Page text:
How Video Games Help Fuel Space Exploration
Having traveled to other worlds in his game creations such as “Ultima,” Richard Garriott de Cayeux is now doing the real thing. He flew to the International Space Station in 2008 (on a reported $30 million ticket). And his company, Space Adventures, has organized flights on Soyuz craft for about a dozen other moguls.
At the South by Southwest conference in Austin this week, Garriott de Cayeux explained why he thinks that private companies can make spaceflight radically cheaper and more common. Ideas include having NASA contract with private rocket companies for human spaceflight instead of building all its own craft (which it already does to launch robots such as the Mars Rover Curiosity). Garriott de Cayeux also promotes reusable spacecraft, which he claims offer tenfold to hundredfold cost savings.
Elon Musk of SpaceX, the most successful extraterrestrial entrepreneur so far, is testing reusable technology called Grasshopper. And so is John Carmack, creator of blockbuster video game franchises “Doom” and “Quake.” His company, Armadillo Aerospace, is focused on building reusable craft.
TechNewsDaily asked Garriott de Cayeux why game creators are attracted to spaceflight.
“If there was something specific to the games industry, it would have to be from exploring virtual worlds,” he said. “It would have to be … creating experiences that let people go into the unknown. Noting his many adventures, including into space, to Antarctica and to the bottom of the ocean, he said, “I find my drive to go explore is identical and very closely linked with my personal drive to create things for people to explore.”
But the images in many games may not be the best thing to motivate future generations of explorers, said astronaut Mae Jemison. In a panel session, she spoke about the 100 Year Starship Project she leads, which aims to kick-start the technologies to make interstellar spaceflight possible within a century.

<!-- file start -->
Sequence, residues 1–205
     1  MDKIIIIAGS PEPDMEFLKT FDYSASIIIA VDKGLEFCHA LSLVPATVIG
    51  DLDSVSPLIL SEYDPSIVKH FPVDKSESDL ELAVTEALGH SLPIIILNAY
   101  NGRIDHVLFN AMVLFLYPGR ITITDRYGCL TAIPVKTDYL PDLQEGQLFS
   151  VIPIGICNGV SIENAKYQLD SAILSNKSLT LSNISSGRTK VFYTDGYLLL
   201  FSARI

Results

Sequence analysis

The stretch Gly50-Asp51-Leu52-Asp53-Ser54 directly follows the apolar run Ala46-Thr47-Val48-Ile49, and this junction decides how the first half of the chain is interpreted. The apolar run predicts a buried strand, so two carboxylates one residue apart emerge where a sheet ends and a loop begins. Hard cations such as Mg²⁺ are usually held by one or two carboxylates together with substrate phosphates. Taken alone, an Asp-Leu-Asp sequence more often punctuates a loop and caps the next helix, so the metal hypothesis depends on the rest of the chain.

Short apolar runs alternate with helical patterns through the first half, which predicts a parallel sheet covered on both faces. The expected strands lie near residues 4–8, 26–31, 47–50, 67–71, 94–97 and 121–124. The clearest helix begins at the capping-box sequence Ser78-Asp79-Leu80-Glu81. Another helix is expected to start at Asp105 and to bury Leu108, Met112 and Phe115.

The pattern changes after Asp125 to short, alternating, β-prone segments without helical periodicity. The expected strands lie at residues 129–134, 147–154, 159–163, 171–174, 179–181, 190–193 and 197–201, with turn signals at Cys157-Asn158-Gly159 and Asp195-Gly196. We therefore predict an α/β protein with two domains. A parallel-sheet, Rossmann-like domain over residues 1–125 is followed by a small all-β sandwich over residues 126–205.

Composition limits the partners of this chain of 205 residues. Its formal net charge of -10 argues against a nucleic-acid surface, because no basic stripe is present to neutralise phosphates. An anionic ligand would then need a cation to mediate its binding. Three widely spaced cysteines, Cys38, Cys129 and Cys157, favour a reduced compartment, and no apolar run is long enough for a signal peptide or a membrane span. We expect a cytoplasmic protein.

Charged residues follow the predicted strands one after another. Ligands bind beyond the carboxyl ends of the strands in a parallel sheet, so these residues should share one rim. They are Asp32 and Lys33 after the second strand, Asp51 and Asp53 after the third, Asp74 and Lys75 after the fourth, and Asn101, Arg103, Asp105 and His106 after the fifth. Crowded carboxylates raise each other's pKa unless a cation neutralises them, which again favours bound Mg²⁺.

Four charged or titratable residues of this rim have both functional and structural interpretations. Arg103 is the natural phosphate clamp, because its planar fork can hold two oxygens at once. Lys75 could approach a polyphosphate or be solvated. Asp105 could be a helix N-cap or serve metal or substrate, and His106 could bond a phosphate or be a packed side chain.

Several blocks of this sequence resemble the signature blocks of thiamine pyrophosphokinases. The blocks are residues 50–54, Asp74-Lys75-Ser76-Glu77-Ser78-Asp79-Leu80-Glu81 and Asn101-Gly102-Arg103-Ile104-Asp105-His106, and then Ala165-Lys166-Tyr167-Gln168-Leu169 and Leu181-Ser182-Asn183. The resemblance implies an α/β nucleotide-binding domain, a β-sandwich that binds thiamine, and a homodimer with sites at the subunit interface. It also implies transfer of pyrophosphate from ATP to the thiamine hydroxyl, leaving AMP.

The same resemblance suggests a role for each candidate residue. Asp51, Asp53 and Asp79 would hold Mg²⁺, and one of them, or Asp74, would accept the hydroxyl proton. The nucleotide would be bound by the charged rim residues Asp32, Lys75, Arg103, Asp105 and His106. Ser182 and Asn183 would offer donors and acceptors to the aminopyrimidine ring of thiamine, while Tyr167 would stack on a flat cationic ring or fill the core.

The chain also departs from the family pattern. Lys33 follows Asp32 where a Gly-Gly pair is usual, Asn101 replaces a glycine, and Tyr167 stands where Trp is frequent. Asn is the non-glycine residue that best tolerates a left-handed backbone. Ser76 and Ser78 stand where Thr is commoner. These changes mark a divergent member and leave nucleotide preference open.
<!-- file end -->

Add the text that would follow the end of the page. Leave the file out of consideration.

Many of the most popular video games over the years, including “Doom” and “Quake,” are also very violent. “I’m struck by the fact that we have all the slasher, blood-and-guts, shoot-’em-up movies and stuff like that,” Jemison said. “It doesn’t make you very hopeful for the future.”
Jemison’s fellow panelist Jill Tarter of SETI (Search for Extraterrestrial Intelligence) said that games could be helpful, “to the extent that people can … build interactive experiences that aren’t always shooting and competitive.”
LeVar Burton of “Star Trek” fame, also on the panel, told TechNewsDaily that he was excited about the use of biofeedback in games. “I can certainly imagine games that are … first-person experience, where you really have to be in a calm and imaginative state in order to advance in the gameplay,” he said. “And I think that’s a lot more productive in terms of entrainment than … the first-person shooter.” [See also: Video Games Improve Surgeons’ Skills]
Jemison also sees games as a way to study how people interact, which is critical to creating livable conditions for a space mission that will span entire lifetimes. Games, she said, could help to, “ferret out some information about human behavior.”
Burton agreed: “Using gameplay to problem-solve — fantastic use of the technology.”